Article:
Silvertone SS10 Update Part 1: The Good and The Bad

Following up on my initial review, after playing with the SS10 on and off over several months, I was able to pinpoint the good and the bad on my budget guitar.

THE GOOD

The times I played with the guitar has been few and far between. However, while it spent most of its time on a guitar stand or worse, in a gig bag for long periods, it stayed in tune. I'm not sure where I should attribute this quality but I guess it really doesn't matter that much as long as I can pick it up and just play without re-tuning it every single time.

Another thing I like about it is the remarkably quiet electronics. I still haven't noticed any unattractive noise or interference when it's plugged into an amp. I don't use any type of power cleaning gadgetry. I simply get my power straight from a wall socket.


THE BAD

The string buzz may have been a factor for me not to have this guitar as my go to instrument. The buzz, wherever it is located along the neck, just kills the sustain and also introduces non-musical characteristics especially when I use any distortion effect.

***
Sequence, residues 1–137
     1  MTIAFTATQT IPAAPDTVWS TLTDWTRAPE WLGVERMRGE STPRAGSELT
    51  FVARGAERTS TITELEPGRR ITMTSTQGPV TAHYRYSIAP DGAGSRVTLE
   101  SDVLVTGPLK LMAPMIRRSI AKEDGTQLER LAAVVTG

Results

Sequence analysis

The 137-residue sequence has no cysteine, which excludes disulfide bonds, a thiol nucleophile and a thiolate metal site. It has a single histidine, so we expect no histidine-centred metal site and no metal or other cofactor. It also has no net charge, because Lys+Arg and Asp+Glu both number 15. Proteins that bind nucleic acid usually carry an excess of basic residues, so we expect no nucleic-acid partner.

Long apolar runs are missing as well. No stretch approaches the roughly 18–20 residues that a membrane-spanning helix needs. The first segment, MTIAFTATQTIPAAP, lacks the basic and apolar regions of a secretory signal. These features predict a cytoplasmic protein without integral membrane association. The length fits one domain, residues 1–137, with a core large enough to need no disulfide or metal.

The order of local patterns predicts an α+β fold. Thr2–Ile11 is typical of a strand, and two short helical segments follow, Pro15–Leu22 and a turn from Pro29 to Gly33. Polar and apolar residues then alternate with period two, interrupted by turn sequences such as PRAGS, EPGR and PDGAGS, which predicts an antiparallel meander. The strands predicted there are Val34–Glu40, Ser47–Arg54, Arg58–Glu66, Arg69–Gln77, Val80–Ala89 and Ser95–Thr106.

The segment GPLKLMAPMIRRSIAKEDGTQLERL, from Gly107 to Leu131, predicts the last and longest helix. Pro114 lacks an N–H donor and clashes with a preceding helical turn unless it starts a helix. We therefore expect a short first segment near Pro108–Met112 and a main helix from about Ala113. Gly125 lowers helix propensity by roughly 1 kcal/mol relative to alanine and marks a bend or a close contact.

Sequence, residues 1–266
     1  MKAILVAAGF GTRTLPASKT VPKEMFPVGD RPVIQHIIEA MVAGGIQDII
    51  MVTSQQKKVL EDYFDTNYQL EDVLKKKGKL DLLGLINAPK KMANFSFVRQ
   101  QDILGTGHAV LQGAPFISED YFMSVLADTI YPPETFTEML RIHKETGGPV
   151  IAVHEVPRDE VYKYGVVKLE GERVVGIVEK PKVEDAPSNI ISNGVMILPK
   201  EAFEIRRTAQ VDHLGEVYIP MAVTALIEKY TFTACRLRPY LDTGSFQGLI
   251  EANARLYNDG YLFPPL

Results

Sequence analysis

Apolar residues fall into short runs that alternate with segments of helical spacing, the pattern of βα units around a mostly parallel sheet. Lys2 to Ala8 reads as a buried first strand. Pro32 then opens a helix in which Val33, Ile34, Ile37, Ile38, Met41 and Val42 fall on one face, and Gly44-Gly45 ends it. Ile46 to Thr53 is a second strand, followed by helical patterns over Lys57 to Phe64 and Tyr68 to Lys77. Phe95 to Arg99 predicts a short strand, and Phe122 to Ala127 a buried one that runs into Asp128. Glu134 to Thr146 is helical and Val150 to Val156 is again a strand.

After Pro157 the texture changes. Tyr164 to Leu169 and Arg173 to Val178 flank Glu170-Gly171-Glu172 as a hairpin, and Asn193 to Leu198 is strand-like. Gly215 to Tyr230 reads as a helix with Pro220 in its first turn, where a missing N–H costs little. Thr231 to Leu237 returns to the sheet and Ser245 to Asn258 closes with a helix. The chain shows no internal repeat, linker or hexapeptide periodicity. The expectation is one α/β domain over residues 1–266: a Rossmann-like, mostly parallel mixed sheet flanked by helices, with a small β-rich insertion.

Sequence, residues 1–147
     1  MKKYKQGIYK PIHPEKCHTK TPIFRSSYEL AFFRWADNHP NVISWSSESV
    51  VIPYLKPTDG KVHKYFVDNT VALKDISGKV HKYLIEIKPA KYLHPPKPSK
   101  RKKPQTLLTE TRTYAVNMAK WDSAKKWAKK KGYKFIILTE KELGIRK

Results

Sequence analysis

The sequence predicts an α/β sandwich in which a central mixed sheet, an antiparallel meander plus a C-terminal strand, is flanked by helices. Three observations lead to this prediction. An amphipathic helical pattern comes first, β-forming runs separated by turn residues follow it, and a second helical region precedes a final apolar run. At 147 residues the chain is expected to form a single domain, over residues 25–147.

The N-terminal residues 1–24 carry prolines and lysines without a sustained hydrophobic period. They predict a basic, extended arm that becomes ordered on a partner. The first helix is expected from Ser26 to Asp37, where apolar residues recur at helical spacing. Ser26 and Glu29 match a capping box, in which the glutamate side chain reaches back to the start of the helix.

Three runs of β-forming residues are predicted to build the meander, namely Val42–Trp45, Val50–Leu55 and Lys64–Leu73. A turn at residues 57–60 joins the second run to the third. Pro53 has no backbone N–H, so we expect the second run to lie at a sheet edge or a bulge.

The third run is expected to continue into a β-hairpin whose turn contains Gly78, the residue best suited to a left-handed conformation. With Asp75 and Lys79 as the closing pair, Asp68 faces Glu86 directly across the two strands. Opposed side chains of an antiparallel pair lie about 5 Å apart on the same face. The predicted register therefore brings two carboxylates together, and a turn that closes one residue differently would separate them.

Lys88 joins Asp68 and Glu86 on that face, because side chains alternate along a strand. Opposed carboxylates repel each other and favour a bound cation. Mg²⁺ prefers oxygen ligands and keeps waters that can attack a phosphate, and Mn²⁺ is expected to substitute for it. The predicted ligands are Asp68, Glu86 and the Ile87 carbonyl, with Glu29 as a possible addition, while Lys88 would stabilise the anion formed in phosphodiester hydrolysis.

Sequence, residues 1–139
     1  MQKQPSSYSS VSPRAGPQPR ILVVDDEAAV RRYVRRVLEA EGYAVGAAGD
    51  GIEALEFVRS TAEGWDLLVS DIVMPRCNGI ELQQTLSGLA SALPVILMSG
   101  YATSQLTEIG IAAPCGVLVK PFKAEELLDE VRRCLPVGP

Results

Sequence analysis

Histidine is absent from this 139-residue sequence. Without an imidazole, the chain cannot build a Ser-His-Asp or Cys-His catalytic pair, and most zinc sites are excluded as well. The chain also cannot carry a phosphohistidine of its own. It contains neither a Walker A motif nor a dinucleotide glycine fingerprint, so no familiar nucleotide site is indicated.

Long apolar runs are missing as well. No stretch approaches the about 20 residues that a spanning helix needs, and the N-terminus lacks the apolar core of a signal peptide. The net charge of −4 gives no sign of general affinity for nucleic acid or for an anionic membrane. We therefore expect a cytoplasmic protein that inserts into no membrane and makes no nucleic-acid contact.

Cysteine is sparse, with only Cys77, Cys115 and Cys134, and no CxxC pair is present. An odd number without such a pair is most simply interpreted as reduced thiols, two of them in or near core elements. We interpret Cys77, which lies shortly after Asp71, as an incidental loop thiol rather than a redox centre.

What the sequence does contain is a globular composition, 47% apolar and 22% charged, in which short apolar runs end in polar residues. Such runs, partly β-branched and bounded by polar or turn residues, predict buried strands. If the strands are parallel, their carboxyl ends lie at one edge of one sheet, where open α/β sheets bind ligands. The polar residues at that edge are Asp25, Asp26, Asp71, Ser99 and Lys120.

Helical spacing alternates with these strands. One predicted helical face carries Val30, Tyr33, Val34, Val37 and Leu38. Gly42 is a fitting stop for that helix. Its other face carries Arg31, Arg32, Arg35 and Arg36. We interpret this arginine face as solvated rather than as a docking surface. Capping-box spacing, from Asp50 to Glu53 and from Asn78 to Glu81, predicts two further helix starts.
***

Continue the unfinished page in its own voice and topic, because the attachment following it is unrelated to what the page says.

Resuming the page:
Even worse is the high action at the nut. It simply results in early finger fatigue especially at the lower frets. This high action also contributed to some intonation problems which was prevalent when playing open chords. Having to press on the strings down harder over-stretched the strings to the point where the notes got slightly sharp.


THE PLAN

High Action At The Nut
My options for fixing this problem were:
  1. Lower the nut by sanding down the bottom if I'm able to completely remove it.
  2. File the grooves if I can't remove the nut.
  3. Replace it completely.
String Buzz
After setting desired action, the next step was to go down each fret for each string to locate problem spots and file them down until the buzz was gone.

Intonation
Hopefully at this point, the strings height at the nut should be ideal that intonation adjustments will be done at the bridge saddles.


In Part 2 I get my hands dirty!